In this story about a missing amnesiac and the fiancé she is returned to, page 69 happens to be in the viewpoint of the fiancé, Grady (the POV alternates between him and Lucie, who suffers from a rare form of amnesia caused by emotional trauma). Rather than revealing anything about Lucie or where she’s been, Lucie is learning about Grady, all over again, which is very much at the center of the story! It’s a mystery wrapped in a love story, and here they begin that dance.Learn more about the book and author at Jennie Shortridge's website.make light of it, but he dropped his head, covering the wound with his hand.
Stupid, she thought. She changed course. “Tell me about your family. Did you grow up here?” She couldn’t remember which tribe he’d said he was from; there were many in Western Washington. She knew this, she did. Salish, Duwamish, Suquamish. She knew these names, but not why she knew them. She was clearly white, whiter than white with her freckles and the bluish tinge beneath her eyes.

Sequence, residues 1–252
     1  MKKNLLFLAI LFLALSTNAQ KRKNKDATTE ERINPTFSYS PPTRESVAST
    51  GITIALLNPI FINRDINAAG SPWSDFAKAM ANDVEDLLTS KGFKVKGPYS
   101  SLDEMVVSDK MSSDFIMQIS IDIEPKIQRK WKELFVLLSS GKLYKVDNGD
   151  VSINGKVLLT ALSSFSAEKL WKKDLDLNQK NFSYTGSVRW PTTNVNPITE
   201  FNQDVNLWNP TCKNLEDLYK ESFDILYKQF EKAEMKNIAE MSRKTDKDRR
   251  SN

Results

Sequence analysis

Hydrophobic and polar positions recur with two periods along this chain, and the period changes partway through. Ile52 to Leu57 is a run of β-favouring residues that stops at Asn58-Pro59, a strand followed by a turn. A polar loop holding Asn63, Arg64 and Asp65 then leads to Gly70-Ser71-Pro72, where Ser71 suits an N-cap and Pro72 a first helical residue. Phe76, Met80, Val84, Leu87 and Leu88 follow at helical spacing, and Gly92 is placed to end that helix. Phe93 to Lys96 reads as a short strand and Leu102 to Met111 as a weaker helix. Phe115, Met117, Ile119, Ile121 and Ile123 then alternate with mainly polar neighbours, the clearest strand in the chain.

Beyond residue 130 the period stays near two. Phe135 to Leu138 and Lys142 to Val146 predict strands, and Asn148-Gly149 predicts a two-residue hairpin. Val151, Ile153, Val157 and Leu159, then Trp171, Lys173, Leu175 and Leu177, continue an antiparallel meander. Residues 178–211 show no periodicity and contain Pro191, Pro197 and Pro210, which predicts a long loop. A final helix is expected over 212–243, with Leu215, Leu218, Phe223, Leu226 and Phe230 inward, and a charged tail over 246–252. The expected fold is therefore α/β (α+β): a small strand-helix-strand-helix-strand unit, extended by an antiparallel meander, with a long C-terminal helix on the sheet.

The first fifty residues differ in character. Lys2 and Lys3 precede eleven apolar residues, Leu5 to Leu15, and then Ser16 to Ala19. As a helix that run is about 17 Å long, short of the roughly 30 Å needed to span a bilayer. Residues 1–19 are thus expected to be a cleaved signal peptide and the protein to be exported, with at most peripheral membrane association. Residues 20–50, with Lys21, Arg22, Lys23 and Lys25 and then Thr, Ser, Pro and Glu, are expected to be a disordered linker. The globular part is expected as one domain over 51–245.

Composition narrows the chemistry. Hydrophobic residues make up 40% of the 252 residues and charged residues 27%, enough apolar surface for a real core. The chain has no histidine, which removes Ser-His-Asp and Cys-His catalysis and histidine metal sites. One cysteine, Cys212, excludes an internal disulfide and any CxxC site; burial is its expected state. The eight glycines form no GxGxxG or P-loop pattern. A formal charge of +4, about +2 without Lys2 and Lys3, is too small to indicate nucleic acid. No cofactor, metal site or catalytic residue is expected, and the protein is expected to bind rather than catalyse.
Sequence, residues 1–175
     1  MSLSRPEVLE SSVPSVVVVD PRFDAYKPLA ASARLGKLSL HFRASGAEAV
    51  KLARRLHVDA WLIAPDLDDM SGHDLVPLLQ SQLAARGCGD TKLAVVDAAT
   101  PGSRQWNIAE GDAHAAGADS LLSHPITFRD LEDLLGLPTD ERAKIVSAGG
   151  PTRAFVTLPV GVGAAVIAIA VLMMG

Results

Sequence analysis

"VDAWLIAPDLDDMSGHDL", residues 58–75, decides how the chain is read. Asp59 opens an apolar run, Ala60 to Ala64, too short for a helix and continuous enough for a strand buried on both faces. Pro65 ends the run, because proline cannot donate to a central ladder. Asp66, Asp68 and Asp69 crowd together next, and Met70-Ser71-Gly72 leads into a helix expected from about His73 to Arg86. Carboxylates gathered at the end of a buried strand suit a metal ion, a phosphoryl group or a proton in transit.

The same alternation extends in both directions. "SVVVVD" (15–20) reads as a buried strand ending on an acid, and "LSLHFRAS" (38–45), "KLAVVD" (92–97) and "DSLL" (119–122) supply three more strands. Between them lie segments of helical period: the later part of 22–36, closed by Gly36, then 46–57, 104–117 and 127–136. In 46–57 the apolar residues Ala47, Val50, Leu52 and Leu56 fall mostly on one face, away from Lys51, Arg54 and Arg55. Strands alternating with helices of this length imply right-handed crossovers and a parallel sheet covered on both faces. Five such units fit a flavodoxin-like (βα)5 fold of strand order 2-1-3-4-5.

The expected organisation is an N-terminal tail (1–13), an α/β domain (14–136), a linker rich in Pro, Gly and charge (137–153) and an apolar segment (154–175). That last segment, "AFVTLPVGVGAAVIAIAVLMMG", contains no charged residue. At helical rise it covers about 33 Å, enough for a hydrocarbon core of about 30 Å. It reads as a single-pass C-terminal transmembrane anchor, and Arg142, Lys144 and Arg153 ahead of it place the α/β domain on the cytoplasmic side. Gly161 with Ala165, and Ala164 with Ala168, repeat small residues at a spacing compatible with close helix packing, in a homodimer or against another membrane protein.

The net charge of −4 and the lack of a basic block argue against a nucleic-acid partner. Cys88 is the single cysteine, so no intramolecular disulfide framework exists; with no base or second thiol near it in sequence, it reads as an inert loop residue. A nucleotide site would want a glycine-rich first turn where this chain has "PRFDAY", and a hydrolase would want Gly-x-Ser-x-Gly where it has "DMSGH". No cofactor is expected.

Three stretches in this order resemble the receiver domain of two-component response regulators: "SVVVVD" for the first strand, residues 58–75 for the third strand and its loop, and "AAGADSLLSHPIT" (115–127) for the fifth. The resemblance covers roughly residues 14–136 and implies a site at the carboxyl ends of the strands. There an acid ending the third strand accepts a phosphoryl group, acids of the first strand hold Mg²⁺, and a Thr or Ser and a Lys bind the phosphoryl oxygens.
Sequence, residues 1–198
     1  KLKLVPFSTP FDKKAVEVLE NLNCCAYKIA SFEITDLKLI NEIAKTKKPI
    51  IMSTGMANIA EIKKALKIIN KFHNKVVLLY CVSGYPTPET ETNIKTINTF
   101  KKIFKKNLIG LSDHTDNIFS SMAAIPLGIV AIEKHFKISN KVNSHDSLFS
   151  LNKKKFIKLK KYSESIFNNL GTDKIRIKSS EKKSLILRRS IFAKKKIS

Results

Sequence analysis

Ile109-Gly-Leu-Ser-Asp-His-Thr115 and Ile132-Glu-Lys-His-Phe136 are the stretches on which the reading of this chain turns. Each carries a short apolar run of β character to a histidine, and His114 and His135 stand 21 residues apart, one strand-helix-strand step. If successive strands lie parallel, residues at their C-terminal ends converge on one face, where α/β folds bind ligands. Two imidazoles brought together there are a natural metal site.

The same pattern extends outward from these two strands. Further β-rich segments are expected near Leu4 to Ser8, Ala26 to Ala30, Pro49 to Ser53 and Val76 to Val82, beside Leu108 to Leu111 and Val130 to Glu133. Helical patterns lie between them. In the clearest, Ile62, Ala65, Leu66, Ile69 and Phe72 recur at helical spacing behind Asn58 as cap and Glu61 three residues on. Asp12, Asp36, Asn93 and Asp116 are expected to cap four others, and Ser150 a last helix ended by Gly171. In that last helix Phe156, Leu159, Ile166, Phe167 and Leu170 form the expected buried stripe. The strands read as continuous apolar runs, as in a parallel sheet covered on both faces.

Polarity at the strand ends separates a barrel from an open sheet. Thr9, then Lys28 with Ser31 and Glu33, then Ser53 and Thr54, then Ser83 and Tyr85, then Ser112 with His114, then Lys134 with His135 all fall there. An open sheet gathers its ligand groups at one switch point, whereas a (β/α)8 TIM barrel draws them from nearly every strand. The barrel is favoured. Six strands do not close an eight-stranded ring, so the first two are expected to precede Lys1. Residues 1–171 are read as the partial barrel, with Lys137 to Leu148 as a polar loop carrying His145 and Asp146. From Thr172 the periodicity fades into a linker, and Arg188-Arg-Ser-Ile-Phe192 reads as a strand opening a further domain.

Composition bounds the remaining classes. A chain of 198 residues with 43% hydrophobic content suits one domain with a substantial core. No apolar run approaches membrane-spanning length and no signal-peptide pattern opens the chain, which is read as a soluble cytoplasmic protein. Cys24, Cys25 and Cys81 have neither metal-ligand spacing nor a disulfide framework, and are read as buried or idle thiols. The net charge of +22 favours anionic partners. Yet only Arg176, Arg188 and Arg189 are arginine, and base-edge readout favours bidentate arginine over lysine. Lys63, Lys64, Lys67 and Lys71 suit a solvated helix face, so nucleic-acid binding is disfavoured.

Slowly, he opened up. He told her about growing up in Tacoma. His dad had been a fisherman—the Puyallup had salmon rights in the Sound—but he’d died in an accident at sea long ago. His mom still lived in Tacoma and had never remarried. Grady had six older sisters, whose names he rattled off but Lucie didn’t quite catch.
“And you need to know something else,” he said, cheeks flushing, “I’ve been married before, but that was right out of high school, and it didn’t even last a year.”
“Okay.” Lucie shrugged. “Are you, we, still in touch with her?”
“No.” He glanced sideways, jaw tensing, then looked back at her. “I have a son, but I’ve never met him.”
“Oh, that must be so hard,” she said, but he looked away again and they fell silent.
Early that morning, when the doctor had discharged Lucie, he’d looked concerned. “Now, you’re going to have to go through treatment when you get home. Dr. Emma has written the contact name of the psychiatrist you’ll be seeing in Seattle on your discharge papers, and we should have